World's first major wave farm is set to get green light off Cornwall
Monday 17 September 2007
The world's first large-scale wave farm will be given planning approval today. Wave Hub, a £28m project off the Cornish coast, is expected to be in place and producing renewable energy by 2009.
Funding for the scheme – described as a giant electrical socket on the seabed – has already been approved by the South West of England Regional Development Agency (RDA).
The wave farm, which has been on the cards for four years, will boost the industry worldwide and become a centre of research.
Generators attached to Wave Hub's infrastructure by other developers will produce enough electricity for 7,500 homes, directly saving 300,000 tons of carbon dioxide emissions over 25 years. This will support the South-west's target of generating 15 per cent of its power from renewable sources by 2010.
Wave Hub could create 1,800 jobs and contribute £560m to the British economy over 25 years, according to an independent economic impact assessment, commissioned by the RDA.
It will include an onshore substation connected to electrical equipment on the seabed 10 miles off Hayle via an under-sea cable.
Companies developing wave energy technology will be able to plug into Wave Hub to test their devices on a scale never seen anywhere before. Four have already been chosen to use the system.
Jason Clark a spokesman for Wave Hub, said: "It is rather like a 10-mile extension lead plugged into the National Grid. So although we will be supplying energy to the South-west, the real advantage of this project is in allowing other experts to plug in their equipment to see if it can be developed commercially."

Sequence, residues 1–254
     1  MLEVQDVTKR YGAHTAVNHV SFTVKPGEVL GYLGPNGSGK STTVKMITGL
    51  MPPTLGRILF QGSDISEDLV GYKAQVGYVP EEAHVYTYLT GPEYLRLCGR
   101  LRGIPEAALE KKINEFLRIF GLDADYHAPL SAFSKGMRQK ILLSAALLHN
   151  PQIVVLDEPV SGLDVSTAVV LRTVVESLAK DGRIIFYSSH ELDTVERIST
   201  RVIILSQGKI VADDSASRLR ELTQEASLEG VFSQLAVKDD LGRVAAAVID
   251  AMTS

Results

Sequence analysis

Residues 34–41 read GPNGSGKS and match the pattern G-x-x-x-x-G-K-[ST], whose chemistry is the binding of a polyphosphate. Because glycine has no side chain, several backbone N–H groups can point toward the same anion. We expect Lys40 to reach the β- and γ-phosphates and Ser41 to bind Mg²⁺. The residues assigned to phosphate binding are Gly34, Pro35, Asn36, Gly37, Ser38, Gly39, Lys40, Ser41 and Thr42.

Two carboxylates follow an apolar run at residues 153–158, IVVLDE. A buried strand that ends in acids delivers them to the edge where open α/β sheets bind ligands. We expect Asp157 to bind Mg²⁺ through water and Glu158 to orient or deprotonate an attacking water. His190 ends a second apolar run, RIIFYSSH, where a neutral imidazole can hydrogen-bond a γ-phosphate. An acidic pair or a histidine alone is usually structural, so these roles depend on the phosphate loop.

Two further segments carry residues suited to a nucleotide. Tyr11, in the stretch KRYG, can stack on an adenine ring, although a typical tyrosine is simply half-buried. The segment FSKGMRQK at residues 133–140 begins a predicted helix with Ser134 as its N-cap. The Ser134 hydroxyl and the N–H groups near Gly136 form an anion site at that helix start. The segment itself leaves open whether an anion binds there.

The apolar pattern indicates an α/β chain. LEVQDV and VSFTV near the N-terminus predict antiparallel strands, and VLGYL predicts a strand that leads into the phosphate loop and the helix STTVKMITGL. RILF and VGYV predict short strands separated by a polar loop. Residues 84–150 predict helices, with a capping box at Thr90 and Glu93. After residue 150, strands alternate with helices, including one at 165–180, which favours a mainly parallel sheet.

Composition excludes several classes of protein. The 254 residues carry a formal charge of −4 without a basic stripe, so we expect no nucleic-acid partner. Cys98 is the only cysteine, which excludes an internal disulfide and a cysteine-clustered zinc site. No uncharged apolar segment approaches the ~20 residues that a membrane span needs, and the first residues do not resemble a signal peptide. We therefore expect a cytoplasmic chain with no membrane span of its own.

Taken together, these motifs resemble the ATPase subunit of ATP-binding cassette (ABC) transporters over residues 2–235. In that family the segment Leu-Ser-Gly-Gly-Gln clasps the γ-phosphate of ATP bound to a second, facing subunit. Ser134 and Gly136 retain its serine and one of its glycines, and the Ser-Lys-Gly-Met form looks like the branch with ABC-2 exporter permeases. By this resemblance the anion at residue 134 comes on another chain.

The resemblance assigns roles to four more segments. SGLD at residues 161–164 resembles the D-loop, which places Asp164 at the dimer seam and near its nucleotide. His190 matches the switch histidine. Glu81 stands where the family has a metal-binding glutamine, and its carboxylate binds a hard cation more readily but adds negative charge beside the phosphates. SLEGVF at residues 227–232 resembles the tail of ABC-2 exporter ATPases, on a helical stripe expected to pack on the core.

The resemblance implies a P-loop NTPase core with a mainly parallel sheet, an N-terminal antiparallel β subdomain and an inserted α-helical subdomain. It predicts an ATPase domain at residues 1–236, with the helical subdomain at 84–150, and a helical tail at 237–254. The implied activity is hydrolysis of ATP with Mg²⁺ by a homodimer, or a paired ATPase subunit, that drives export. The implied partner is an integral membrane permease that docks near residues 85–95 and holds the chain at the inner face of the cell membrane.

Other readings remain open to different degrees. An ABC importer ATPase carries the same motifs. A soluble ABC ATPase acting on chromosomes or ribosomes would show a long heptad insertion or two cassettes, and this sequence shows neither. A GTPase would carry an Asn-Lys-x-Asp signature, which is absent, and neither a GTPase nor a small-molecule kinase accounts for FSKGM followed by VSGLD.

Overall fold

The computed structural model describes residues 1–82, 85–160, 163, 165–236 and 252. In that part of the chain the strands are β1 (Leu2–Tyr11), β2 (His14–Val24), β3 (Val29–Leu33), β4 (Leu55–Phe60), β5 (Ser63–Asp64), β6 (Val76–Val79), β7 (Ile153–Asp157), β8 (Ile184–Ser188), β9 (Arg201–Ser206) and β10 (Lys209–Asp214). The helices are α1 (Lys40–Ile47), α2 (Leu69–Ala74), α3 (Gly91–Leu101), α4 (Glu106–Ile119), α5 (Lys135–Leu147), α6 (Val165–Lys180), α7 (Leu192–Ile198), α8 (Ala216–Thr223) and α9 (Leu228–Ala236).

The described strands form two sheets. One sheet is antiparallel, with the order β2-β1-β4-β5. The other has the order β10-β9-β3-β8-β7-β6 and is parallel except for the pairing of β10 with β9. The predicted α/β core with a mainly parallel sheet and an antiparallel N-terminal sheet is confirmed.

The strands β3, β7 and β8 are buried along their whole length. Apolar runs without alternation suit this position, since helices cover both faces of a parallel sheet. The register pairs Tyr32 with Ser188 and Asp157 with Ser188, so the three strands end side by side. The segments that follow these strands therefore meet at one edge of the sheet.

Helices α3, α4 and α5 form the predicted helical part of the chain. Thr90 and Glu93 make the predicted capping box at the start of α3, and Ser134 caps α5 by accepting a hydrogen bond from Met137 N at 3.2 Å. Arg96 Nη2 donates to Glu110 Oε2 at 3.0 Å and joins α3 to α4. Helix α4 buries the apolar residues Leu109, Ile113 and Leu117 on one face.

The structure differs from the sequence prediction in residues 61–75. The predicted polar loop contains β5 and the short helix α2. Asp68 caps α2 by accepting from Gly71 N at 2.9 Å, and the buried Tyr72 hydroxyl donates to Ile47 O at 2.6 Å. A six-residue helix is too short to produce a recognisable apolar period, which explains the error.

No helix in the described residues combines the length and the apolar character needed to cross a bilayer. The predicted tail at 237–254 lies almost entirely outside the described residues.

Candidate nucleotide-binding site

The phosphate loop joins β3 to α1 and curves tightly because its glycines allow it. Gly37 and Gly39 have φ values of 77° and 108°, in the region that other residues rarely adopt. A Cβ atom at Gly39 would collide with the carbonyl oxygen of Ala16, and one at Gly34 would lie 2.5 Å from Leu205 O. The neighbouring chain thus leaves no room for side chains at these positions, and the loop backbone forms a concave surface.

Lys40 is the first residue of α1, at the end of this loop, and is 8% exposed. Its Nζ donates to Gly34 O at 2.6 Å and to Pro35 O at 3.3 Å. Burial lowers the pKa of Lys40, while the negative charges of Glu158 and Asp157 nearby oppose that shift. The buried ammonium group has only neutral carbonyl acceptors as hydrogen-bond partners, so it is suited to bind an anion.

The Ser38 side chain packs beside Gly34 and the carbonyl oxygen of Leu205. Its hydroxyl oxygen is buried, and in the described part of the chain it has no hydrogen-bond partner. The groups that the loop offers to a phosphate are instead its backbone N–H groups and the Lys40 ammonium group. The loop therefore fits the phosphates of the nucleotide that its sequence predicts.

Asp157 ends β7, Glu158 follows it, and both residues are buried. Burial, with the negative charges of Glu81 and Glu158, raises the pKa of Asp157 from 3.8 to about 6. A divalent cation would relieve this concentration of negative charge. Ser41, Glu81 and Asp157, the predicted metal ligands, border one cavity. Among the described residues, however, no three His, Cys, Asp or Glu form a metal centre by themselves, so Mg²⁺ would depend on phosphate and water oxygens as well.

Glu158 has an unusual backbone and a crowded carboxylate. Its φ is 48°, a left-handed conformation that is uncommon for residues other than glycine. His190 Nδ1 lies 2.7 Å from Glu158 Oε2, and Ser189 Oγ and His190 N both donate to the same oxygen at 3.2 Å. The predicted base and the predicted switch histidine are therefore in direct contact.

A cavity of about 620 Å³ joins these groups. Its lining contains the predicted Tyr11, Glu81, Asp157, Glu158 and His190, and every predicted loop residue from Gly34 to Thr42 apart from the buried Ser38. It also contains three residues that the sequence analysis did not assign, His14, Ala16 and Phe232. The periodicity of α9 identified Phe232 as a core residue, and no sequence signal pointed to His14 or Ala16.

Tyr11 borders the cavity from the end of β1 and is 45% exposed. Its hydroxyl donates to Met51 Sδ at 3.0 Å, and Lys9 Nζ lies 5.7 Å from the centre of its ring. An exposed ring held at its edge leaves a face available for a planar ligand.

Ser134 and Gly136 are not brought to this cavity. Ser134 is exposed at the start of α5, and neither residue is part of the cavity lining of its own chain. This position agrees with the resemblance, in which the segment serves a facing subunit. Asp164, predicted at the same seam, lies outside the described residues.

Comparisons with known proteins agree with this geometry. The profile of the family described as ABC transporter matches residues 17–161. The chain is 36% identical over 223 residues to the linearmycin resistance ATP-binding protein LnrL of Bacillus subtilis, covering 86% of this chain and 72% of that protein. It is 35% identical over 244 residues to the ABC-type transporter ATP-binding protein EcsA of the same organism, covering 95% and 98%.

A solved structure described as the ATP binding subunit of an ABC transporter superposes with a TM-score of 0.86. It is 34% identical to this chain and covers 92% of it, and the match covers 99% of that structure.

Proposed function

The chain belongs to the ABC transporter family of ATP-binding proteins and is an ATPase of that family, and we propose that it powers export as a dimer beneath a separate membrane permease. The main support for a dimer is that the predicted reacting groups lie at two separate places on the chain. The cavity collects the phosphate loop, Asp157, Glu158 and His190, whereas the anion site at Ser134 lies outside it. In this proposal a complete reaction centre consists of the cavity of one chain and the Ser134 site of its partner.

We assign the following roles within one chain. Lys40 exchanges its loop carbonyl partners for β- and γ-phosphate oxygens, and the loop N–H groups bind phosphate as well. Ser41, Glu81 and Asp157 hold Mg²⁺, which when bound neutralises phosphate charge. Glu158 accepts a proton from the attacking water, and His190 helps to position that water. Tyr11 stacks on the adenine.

The Wave Hub project will cover an area of sea measuring 2.5 miles by 1.25 miles and each developer will be granted a lease of between five and 10 years in an area of approximately 1.3 square miles. Up to 30 wave energy devices are expected to float on the surface of the sea above Wave Hub.
Engineers from Ocean Power Delivery recently helped build a smaller wave farm off the Portuguese coast after deploying a prototype off the Orkneys.
Wave farms have not proved as popular as solar and wind power because of the great expense of equipment and installation.
However, environmentalists point out that wind power has reduced its cost by 80 per cent since the first commercial farms were built more than 16 years ago.
Dolphins ‘deliberately get high’ on puffer fish nerve toxins by carefully chewing and passing them around
Iberian lynx cubs born in the wild bring hope for the world's most endangered feline species
Morne Hardenberg: 'Great white sharks have a softer side most people never get to see'
Animal Extinction - the greatest threat to mankind
Great white sharks - the misunderstood giants with a softer side
- 2 Italian police 'reveal' what Jesus looked like as a young boy
- 3 General Election 2015: 14-year-old boy asks Nick Clegg – 'can you kill Katie Hopkins?'
In defence of liberal democracy
Over 50,000 families shipped out of London boroughs in the past three years due to welfare cuts and soaring rents
EU asylum policy is 'a direct threat to our civilisation', says Nigel Farage
The Rothschild Libel: Why has it taken 200 years for an anti-Semitic slur that emerged from the Battle of Waterloo to be dismissed?
General Election 2015: UK will be 'run for the wealthy and powerful' if Tories retain power, Labour warns
General election live: SNP suspends two members for disrupting Labour rally
£20000 - £25000 per annum + Commission: SThree: Are you great at building rela...
£20000 - £22000 per annum + excellent benefits: Ashdown Group: Application Sup...
£20000 - £25000 per annum + Uncapped Commission: SThree: Do you want to get in...
£35000 - £40000 per annum: Ashdown Group: IT Project Manager - Birmingham - ...